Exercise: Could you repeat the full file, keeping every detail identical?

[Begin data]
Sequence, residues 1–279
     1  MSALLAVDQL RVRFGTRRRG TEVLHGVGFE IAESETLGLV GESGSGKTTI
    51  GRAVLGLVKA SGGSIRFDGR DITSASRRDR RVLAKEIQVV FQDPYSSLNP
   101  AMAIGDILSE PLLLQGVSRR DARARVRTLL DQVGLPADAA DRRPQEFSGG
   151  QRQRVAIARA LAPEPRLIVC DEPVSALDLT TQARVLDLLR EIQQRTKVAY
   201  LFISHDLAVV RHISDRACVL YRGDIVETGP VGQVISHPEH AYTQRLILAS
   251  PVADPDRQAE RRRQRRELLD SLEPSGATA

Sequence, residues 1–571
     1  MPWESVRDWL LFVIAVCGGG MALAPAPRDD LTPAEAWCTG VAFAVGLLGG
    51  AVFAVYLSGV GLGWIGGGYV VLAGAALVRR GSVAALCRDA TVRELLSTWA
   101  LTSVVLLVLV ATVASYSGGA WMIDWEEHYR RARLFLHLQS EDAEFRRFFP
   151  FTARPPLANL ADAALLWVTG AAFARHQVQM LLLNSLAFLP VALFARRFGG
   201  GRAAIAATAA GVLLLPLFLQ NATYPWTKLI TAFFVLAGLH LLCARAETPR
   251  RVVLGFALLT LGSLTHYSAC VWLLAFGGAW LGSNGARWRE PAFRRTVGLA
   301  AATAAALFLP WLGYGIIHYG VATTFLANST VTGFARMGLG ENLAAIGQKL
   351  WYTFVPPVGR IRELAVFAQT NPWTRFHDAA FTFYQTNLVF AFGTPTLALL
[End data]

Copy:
Sequence, residues 1–279
     1  MSALLAVDQL RVRFGTRRRG TEVLHGVGFE IAESETLGLV GESGSGKTTI
    51  GRAVLGLVKA SGGSIRFDGR DITSASRRDR RVLAKEIQVV FQDPYSSLNP
   101  AMAIGDILSE PLLLQGVSRR DARARVRTLL DQVGLPADAA DRRPQEFSGG
   151  QRQRVAIARA LAPEPRLIVC DEPVSALDLT TQARVLDLLR EIQQRTKVAY
   201  LFISHDLAVV RHISDRACVL YRGDIVETGP VGQVISHPEH AYTQRLILAS
   251  PVADPDRQAE RRRQRRELLD SLEPSGATA

Sequence, residues 1–571
     1  MPWESVRDWL LFVIAVCGGG MALAPAPRDD LTPAEAWCTG VAFAVGLLGG
    51  AVFAVYLSGV GLGWIGGGYV VLAGAALVRR GSVAALCRDA TVRELLSTWA
   101  LTSVVLLVLV ATVASYSGGA WMIDWEEHYR RARLFLHLQS EDAEFRRFFP
   151  FTARPPLANL ADAALLWVTG AAFARHQVQM LLLNSLAFLP VALFARRFGG
   201  GRAAIAATAA GVLLLPLFLQ NATYPWTKLI TAFFVLAGLH LLCARAETPR
   251  RVVLGFALLT LGSLTHYSAC VWLLAFGGAW LGSNGARWRE PAFRRTVGLA
   301  AATAAALFLP WLGYGIIHYG VATTFLANST VTGFARMGLG ENLAAIGQKL
   351  WYTFVPPVGR IRELAVFAQT NPWTRFHDAA FTFYQTNLVF AFGTPTLALL